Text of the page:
Wednesday, 26 June 2013

Activity 8 Enhancement Strategies

Having reached week 10, I am stepping back and finishing what I started in week 8.... I always dreamt of being able to travel through time....

Escher’s Time - Saving by Light - on Flickr.


This week's focus is on enhancement strategies.
I will focus on this broadly as my current 'teaching' is limited to short skill workshops with small numbers of staff on campus and doesn't quite fit with the MOOC and Open Education model.


I really applaud the open education movement, but still wonder how it would be sustained as a global provision as a substitute to education through existing educators and educational establishments. How would the quality and credibility be affected if there were not the professors within higher/tertiary education, as used by Saylor.org, available to create these resources and provide peer review.

I love their tag line HARNESSING TECHNOLOGY TO MAKE EDUCATION FREE

Will the open education world develop its own 'professors' and critical peers through Badges and online reputation alone? or will universities still be required to do this? and at what cost and whose expense?


I really like the structured approach of saylor.org in their course delivery and that of the xMOOC (still getting my head around the cMOOC configuration).

As they are similarly structured to a 'traditional' higher education experience they may be more easily digested by academics seeking open content and students seeking to build their own learning experience.

Initial bullets: applicable aspects and challenges...
  • Motivation, we usually have a clear motivation for studying. The where and how are big factors in this. Choosing to study in an Open Education/ MOOC model may not suit all our learners. So I do hope we don't throw the proverbial baby out with the bathwater.
  • Video delivery, I started doing this years ago (I don't record many of my own but enjoy the OERs of others. Academics where I work have been using slides, videotapes and DVDs for many years and are now moving to the digital version and are catching on to the rich resources on the internet and local creations which we stream. 
  • Digital media creation, this is something we are starting to do more of now. We slowly winning over academic staff to the idea that a video capture can be of value to the student in many ways. We just have to shake of the myth that face2face delivery is the only way. The biggest challenges have been cost for the equipment, servers, cameras etc, skill and time of the academic staff to create 'high quality' reusable digital media rather than live capture for one distribution.
  • Flipped teaching, I started doing this years ago but didn't know that was what it was called! Local interest is slowly growing. We have a few champions, who are an inspiration to others. 
  • Free access to books through digital devices. Fantastic and I already encourage this, I read lots of e and audio books through my smart phone (from my local lending library). Our limitation would be the licence provided by the publishing houses and student access to copyright content not published under CC BY.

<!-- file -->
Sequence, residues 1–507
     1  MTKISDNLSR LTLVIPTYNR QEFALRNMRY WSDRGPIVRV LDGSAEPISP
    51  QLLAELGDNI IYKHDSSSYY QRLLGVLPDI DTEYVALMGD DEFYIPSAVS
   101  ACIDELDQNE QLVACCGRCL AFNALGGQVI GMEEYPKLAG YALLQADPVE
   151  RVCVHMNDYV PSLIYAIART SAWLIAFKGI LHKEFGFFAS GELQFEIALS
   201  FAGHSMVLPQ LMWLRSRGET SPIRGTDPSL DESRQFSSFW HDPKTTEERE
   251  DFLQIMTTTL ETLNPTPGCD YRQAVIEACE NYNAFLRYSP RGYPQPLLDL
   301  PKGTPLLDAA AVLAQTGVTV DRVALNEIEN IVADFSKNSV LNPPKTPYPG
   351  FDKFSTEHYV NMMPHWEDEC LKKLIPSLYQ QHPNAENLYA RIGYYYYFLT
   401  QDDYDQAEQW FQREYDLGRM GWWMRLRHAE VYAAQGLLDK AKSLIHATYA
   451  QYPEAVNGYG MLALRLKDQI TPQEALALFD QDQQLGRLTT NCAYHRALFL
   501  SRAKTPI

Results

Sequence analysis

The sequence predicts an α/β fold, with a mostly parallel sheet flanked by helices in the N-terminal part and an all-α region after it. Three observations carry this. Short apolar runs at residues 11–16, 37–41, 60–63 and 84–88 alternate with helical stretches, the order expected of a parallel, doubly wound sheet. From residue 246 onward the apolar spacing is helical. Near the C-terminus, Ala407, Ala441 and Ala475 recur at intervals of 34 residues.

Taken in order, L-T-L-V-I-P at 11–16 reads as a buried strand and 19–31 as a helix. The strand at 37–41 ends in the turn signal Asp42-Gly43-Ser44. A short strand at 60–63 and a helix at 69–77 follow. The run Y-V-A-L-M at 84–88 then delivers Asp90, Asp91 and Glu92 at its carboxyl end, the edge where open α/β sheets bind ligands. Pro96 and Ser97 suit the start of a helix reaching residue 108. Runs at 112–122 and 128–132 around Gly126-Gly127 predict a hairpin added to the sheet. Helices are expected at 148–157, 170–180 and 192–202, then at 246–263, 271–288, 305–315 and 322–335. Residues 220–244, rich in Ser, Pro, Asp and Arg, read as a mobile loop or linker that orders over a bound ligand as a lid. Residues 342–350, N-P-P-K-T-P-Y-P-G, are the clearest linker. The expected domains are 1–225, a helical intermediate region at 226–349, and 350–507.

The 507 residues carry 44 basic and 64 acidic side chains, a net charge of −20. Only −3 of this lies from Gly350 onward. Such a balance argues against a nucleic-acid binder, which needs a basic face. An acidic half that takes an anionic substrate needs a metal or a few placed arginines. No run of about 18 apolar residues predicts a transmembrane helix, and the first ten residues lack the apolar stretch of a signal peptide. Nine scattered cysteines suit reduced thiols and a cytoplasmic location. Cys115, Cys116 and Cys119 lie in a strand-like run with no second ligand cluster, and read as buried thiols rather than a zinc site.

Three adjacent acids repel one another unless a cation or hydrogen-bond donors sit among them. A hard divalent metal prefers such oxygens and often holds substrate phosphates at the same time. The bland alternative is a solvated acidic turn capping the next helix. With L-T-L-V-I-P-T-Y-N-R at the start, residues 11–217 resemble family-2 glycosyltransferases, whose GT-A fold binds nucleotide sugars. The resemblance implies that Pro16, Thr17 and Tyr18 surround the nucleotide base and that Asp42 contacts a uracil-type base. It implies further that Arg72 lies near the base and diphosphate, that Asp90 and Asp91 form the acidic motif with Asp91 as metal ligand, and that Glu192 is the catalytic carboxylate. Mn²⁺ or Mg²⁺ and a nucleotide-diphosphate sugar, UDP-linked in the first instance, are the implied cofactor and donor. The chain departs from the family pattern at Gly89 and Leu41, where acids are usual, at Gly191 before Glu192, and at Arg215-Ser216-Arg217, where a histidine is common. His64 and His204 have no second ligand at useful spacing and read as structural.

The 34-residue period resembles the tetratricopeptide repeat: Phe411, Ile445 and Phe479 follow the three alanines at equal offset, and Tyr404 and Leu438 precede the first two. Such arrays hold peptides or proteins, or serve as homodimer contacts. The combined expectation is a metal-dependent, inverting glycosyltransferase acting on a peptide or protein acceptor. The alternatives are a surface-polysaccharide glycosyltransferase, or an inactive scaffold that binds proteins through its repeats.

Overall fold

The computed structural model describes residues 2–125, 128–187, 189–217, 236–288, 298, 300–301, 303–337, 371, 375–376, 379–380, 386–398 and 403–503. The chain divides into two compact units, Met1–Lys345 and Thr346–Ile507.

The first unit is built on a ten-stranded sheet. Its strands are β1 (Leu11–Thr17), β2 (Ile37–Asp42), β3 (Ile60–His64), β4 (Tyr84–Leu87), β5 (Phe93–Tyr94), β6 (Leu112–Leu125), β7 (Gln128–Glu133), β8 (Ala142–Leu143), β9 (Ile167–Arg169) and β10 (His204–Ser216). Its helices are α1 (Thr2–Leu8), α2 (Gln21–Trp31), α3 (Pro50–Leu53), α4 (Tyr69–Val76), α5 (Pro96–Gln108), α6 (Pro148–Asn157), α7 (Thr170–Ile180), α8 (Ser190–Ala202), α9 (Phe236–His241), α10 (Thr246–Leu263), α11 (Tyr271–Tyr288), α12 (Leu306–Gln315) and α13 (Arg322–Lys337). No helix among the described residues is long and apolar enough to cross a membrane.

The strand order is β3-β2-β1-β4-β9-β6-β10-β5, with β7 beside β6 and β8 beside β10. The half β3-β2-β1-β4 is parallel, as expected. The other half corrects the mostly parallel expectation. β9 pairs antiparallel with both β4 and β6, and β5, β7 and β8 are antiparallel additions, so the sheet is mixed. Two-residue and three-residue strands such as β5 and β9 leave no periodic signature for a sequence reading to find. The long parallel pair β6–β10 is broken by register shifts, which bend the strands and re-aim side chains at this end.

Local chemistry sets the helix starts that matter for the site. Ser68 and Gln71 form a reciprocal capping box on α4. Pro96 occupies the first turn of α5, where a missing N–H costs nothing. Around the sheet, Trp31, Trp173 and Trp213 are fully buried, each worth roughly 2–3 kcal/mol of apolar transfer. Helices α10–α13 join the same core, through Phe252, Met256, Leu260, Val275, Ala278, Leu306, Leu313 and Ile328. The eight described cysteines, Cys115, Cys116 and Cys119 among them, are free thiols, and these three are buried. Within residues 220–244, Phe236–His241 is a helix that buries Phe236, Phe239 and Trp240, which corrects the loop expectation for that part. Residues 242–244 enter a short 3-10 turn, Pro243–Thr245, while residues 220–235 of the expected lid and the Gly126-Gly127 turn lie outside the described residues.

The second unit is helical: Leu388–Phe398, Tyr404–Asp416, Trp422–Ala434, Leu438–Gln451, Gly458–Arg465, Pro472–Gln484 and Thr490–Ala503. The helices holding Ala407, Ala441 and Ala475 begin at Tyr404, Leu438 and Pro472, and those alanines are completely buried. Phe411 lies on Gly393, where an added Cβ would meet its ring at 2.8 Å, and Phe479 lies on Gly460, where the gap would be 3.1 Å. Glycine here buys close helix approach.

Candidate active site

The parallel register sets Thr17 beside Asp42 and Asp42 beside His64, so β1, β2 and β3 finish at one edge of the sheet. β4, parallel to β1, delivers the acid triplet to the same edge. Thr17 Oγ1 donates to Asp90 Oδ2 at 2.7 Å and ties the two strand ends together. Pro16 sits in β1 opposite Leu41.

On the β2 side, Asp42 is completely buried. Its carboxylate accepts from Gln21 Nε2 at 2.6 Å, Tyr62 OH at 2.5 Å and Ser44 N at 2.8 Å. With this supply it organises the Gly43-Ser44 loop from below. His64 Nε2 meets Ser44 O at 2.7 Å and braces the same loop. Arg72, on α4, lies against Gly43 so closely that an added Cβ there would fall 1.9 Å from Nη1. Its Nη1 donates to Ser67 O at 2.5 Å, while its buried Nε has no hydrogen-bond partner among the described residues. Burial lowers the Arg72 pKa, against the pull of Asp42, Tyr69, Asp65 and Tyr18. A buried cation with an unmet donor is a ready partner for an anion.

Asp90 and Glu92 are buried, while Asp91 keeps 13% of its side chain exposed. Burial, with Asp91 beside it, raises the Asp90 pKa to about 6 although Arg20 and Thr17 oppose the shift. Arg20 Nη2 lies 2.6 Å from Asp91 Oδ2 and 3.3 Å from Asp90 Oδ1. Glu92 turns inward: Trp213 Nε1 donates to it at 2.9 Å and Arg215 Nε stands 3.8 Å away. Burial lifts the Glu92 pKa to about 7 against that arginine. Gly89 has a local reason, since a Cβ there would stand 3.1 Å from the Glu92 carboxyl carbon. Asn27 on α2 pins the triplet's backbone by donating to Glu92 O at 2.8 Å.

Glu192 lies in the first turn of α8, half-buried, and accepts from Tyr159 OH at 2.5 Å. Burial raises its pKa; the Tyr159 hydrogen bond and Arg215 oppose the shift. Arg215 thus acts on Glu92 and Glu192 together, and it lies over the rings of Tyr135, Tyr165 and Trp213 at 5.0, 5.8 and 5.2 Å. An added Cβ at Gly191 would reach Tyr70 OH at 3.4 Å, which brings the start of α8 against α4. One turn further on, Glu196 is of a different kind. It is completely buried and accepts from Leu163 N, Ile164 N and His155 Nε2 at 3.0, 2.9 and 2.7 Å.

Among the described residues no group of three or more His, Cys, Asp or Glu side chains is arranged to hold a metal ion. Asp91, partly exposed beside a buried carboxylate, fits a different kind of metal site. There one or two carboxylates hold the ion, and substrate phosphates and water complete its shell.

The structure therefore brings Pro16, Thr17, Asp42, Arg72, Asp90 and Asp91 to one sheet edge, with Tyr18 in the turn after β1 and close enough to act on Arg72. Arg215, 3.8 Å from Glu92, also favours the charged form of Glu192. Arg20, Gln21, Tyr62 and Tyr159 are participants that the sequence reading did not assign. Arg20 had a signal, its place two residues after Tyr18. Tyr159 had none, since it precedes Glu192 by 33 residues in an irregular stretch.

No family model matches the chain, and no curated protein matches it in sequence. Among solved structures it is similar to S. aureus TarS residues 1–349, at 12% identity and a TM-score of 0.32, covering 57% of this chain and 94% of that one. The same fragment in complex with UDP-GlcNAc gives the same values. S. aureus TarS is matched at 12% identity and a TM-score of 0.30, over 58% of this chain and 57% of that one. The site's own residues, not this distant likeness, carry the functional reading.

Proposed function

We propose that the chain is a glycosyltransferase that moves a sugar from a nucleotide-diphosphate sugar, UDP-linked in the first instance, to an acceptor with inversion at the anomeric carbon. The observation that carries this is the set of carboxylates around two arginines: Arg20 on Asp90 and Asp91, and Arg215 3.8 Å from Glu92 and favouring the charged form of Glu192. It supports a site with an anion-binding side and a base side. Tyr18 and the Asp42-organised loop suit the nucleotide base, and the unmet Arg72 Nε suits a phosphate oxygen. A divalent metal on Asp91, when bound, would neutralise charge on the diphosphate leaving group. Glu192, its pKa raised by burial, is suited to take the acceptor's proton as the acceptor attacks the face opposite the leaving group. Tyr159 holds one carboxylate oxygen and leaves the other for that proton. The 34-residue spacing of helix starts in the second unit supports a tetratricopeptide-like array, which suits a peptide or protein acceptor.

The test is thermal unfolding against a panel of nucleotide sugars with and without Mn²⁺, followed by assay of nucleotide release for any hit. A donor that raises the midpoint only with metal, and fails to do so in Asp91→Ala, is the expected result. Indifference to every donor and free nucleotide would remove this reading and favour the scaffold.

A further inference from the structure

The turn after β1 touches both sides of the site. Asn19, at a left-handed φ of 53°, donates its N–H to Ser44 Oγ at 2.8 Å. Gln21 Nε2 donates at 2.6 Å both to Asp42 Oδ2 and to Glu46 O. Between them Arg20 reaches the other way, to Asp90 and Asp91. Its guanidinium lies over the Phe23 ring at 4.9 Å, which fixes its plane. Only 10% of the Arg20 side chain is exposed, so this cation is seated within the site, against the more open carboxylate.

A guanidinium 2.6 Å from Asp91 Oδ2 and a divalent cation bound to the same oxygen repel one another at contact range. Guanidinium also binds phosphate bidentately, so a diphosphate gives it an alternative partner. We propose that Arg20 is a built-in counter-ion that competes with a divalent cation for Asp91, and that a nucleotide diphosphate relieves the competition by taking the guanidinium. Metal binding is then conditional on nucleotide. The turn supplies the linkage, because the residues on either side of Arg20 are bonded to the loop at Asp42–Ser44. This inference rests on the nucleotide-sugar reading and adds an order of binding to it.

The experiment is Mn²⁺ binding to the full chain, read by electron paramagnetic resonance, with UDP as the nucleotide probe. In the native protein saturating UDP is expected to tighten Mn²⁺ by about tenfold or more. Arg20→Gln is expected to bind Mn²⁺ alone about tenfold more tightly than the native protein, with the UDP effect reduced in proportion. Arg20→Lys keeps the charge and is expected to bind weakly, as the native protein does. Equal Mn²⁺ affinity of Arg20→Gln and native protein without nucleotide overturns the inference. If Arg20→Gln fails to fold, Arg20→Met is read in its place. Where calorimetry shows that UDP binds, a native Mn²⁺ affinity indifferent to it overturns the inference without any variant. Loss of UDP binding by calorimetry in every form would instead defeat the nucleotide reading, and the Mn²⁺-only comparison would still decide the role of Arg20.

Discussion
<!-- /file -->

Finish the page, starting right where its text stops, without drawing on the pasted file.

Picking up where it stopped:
• CC BY is great to show permission for content sharing and reuse. 
  • Peer reviewed resources add credibility and confidence to the courses.
  • Use of Professor consultants to develop course content (!adds speciality and credibility!) but as indicated earlier, at whose expense? 
  • Certificate of completion. Will this suffice in the professional workplace? Will it be possible for vocational professionals to become qualified entirely through Open Education? Is this the goal or are these the exceptions?

xMOOC

The final message in the video is that the MOOC is for those who are not the 'best of the best', those who are unlikely to get into the 'top universities'.

So it could/ probably is a great opportunity for students who unlikely or unable to get into the elite universities. But we should not sell them short. Traditionally students are paying many thousands $ £ for their 'university education', there is kudos in the experience, the student makes friends and builds networks with others which can be an asset to their work and career. All of which can be replicated, to some degree, in the virtual world.

Personally I believe the big challenge is its massivity and open aspect of the MOOC. As a student I want and need to have flexibility to study in my preferred way, this includes place and time, and I want and need to feel part of the cohort. When there are many thousands of learners and possibly only one member of the 'teaching' team I anticipate this would be a challenge.

I think the challenge here is for the Higher Education and employment community to value learning and skill development through non-traditional routes.
I believe we are still in an environment where employers of those in 'professional' roles require tangible validated evidence of learning. The certificate, degree, statement of professional competence. Will the Badge take over?




Friday, 21 June 2013

Activity 7 Supporting Learners with Tutor and Peer Communications


This week I focussed on two activities.

Activity 7.2: The practice of peer review

Review a fellow participant’s post on Activity 7.1 – ( I selected http://www.megankime.net/models-for-supporting-learning-salmon-octel-7-1/ )   consider:

  • If the design / approach or mix of approaches is appropriate for the given context. 
  • Aspects of the design you think work particularly well.